The wind got fiercer and the amount of rain on the road surface made it difficult to lean the bike too deeply against the wind as you could lose your edge. It was a balancing act to be sure. The good news is that most times, the storms are short and sweet, around five minutes at most. This was no exception. The three of us were happily air conditioned for the remainder of the ride. We made the left turn to ride the long flat back towards the city. We rode an awesome pace line through town, stopped to see where the expo would be and then Uli kindly showed us back to the beginning of the path and we rode back to the hotel.
It was here I made my first discovery of the trip. Heat. The weather changes epically around 10-10:30am. Once the arc of the sun hits a certain place, there is no relief from the rays of the sun. I wasn’t dehydrated, but totally overheated. Steve pulled me back to the resort, and it was a total slog. I had nothing in the legs. When we got back to the hotel, we needed to wash the bikes—the rainy section had left a small beach’s amount of sand in our drive trains. The hotel staff suggested we wash them in the outdoor showers next to the pool. The moment I stepped into the stream of water, I felt a thousand percent better. Lesson learned. Keep cool on race day.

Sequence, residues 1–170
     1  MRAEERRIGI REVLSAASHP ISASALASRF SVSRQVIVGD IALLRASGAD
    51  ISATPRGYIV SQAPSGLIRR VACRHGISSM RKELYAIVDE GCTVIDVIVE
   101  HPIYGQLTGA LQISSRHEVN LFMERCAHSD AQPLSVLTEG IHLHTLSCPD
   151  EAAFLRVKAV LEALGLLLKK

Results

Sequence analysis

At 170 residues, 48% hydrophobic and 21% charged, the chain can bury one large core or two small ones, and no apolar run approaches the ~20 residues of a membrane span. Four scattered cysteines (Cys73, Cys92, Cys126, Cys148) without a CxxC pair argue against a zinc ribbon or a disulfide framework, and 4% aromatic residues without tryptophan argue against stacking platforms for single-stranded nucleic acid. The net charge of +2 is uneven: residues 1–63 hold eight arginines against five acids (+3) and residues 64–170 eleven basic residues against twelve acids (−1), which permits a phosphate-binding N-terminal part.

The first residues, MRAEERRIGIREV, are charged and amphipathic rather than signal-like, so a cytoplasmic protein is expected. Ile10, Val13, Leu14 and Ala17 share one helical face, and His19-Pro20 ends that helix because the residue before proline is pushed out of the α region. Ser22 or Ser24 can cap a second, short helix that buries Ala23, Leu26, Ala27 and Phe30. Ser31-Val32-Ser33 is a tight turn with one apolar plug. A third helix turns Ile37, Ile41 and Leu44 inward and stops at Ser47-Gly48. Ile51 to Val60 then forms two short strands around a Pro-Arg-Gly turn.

Well, cool-er anyway.
Friday was a short morning spin and expo day! We took a short cab ride to the plaza where the outdoor expo was being held. It was an easy packet pickup, excellent vendors and a chance to see Lidia Fluhme at the GFNY booth. This time, we got a taste of the heat at midday without the benefit of a breeze or pool. It was hot. Really, really hot. Noted for Sunday. With our jerseys and race numbers, we were ready to put our feet up and wait for race day. Which we did, at pools and beaches, very happily.